Saturday, May 5, 2012

"Spring Morning" is SOLD!

I am so delighted that a friend who had seen my recent blog post about "Spring Morning" loved it so much that she decided to purchase it.

"Spring Morning," 12 x 9" original acrylic on linen, copyright Joan Cole, 2012
This is what Helen wrote me on Facebook:  "Pratt's Cove is one of my favorite places. I used to walk down to there. It is beautiful at every season, especially when the flowers bloom there. Another yellow flower blooms there in the fall. In the winter the ice freezes in layers and the ice crackles down thru the cove out to the river...awesome sound. There is a special kind of light there all the time. I just love that place. How genius of you to paint it..the painting is BEAUTIFUL. Do you ever sell prints? I probably could not afford the original."

As an artist, I know that the sale of a painting is about much more than just money.  When I am drawn to a scene so beautiful in the world around me that I HAVE TO paint it, I struggle to capture its beauty for others to see.  What a joy it is for me when another person  is truly touched by seeing that beauty in my painting.  The ultimate gratification for me is when a person is so moved that they just MUST HAVE the painting.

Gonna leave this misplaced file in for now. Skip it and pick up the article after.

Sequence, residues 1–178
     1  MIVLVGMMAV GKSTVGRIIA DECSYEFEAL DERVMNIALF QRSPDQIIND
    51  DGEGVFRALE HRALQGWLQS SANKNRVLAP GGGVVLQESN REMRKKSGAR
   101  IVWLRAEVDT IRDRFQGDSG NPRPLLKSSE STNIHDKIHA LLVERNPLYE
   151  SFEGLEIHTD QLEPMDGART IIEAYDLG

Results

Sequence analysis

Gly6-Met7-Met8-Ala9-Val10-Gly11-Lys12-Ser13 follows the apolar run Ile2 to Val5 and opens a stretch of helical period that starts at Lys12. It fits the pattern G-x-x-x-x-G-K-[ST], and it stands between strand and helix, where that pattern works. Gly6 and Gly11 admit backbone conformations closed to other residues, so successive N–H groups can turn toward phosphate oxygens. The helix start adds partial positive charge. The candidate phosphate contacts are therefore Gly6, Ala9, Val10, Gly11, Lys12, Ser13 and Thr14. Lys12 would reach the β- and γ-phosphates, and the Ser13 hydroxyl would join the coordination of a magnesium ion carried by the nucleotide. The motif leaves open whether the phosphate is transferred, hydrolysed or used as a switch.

Yes, "Beauty is in the eye of the Beholder."  But what is so beautiful about the sight on a rainy spring morning of wild yellow irises in a  tidal bog?  It was a day very similar to today.  I was walking in the rain on the railroad tracks in Deep River to satisfy my friend Pamela, who wanted me to see the swaths of lemon-colored irises. 

I can picture that scene in my mind's eye right now.  When the Essex Steam Train whistled at the crossing on River Street, we hopped off  the tracks to let the engine, parlor cars and caboose rumble on by.   We felt like kids again.   I can hear the rain on the windows right now, reminding me of that day.

As for Helen's question about whether I sell prints.  I don't because I believe in collecting original art.  Yes, originals are more expensive than copies, because they are one of a kind.  I keep my prices reasonable,  AND I've been known to work with buyers to enable them to purchase my art over time.  Why should a piece be hanging in a gallery or stacked in my studio?  I want my work enjoyed.  That's the real pleasure for me. 

I'm not the first artist to take time payments.   Years ago, when Leif Nilsson was a young artist, Roge and I offered to buy three of his paintings--because we couldn't pick just one!--on time.  He was thrilled because he'd just bought a truck but was on his way to Italy to paint.  He said our payments would cover his truck payments while he was away.  While he was away, we enjoyed the paintings every day in our home.  And Leif didn't have to worry about missing his payments.

PLEASE NOTE:  If you are wondering why this post is following one about the death of my sister Phyllis, it's because I just discovered that I had never posted it.  I hope you will forgive the incongruity of my posting this one belatedly.

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